Interestingly enough, they use Toulmin‘s model of argumentation as a part of the theoretical framework for their analyses. The research that they report and discuss in this article occurred in the context of a research project called “Informal Mathematics Learning”, which is a project supported by the NSF.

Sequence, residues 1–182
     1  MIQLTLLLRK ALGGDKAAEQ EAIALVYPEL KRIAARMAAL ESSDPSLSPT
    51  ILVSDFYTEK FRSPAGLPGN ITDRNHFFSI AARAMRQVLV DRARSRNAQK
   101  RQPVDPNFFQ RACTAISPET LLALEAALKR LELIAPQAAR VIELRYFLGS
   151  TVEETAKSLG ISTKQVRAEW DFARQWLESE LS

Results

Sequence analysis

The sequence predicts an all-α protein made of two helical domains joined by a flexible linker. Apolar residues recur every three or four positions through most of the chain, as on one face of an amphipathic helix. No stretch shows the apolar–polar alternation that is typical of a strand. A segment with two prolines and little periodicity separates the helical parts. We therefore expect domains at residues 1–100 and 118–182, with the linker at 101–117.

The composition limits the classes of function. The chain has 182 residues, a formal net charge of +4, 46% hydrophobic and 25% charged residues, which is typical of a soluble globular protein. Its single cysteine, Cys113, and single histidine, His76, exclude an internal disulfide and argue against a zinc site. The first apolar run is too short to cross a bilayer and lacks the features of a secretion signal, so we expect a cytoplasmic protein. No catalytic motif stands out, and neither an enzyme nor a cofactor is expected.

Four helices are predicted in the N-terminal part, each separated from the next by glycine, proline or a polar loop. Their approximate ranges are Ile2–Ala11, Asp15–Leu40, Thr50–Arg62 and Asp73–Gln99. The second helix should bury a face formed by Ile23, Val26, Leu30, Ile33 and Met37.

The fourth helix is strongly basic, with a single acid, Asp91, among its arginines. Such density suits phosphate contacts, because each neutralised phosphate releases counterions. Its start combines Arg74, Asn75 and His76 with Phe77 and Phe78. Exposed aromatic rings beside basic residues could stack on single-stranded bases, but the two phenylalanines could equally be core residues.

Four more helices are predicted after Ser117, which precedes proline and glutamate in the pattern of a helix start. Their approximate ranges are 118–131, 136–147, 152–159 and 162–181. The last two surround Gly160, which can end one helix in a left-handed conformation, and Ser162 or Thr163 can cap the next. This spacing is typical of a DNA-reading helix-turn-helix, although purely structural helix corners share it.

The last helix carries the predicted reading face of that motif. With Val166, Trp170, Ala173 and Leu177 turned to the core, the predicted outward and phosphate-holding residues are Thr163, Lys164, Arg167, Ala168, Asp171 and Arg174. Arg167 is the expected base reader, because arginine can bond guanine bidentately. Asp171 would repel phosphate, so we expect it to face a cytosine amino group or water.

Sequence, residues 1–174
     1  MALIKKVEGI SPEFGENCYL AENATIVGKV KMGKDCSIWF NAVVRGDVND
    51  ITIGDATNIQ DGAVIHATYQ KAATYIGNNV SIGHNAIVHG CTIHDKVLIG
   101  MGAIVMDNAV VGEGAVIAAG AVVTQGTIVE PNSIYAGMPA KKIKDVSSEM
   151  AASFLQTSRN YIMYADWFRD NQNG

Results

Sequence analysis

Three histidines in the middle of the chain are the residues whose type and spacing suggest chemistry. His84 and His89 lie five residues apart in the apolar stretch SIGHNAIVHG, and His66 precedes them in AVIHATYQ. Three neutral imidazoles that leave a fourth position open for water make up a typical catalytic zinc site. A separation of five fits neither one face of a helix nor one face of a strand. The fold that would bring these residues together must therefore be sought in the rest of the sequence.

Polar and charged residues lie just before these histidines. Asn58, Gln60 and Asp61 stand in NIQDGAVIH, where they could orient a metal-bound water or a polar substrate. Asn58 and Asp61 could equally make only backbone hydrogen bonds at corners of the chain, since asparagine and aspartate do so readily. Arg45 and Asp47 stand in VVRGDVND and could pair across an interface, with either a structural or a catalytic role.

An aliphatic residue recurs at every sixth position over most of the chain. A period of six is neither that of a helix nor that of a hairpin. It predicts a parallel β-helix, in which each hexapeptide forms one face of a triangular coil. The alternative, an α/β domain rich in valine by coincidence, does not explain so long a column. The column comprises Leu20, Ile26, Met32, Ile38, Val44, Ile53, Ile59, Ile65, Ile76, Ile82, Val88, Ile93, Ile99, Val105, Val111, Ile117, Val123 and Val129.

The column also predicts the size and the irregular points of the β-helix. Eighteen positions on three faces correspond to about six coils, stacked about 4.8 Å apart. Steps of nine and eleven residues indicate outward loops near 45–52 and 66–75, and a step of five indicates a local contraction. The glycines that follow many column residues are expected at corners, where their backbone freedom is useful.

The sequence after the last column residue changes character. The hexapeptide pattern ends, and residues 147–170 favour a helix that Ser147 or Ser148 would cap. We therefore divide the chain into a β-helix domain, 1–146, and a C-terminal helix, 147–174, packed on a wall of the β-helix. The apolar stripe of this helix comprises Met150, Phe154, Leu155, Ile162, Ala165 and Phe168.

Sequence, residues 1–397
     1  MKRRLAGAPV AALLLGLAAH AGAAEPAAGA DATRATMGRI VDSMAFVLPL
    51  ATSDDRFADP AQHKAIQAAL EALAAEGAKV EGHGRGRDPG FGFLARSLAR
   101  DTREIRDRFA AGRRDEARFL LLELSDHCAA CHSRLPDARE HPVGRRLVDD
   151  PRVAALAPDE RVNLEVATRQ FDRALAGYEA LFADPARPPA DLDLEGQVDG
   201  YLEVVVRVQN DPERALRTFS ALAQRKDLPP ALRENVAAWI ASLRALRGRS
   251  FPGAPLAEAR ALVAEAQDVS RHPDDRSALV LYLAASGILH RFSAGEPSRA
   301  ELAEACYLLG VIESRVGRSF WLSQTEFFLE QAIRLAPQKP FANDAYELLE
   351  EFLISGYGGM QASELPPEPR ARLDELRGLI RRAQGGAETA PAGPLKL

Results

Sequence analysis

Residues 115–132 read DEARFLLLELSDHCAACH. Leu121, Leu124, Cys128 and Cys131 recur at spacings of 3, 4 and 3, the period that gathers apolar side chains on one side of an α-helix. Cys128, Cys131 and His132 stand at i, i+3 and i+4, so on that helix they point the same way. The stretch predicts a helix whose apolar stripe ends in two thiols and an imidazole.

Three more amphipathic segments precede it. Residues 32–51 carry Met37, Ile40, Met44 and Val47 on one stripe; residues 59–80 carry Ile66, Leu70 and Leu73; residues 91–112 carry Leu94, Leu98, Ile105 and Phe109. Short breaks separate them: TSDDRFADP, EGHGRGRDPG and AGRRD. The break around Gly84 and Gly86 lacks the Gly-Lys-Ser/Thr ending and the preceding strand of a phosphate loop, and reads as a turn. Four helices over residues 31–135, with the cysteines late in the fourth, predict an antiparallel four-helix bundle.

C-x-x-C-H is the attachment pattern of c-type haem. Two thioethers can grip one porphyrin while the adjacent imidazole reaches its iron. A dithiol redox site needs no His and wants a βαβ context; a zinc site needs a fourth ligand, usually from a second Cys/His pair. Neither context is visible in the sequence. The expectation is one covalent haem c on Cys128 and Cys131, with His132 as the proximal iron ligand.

In the mathematics education literature, there is currently a debate about the mechanisms by which group discussion can contribute to mathematical learning and under what conditions this learning is likely to occur. In this paper, we contribute to this debate by illustrating three learning opportunities that group discussions can create. In analyzing a videotaped episode of eight middle school students discussing a statistical problem, we observed that these students frequently challenged the arguments that their colleagues presented. These challenges invited students to be explicit about what mathematical principles, or warrants, they were implicitly using as a basis for their mathematical claims, in some cases recognize the modes of reasoning they were using were invalid and reject these modes of reasoning, and in other cases, attempt to provide deductive support to justify why their modes of reasoning were appropriate. We then describe what social and environmental conditions allowed the discussion analyzed in this paper to occur.
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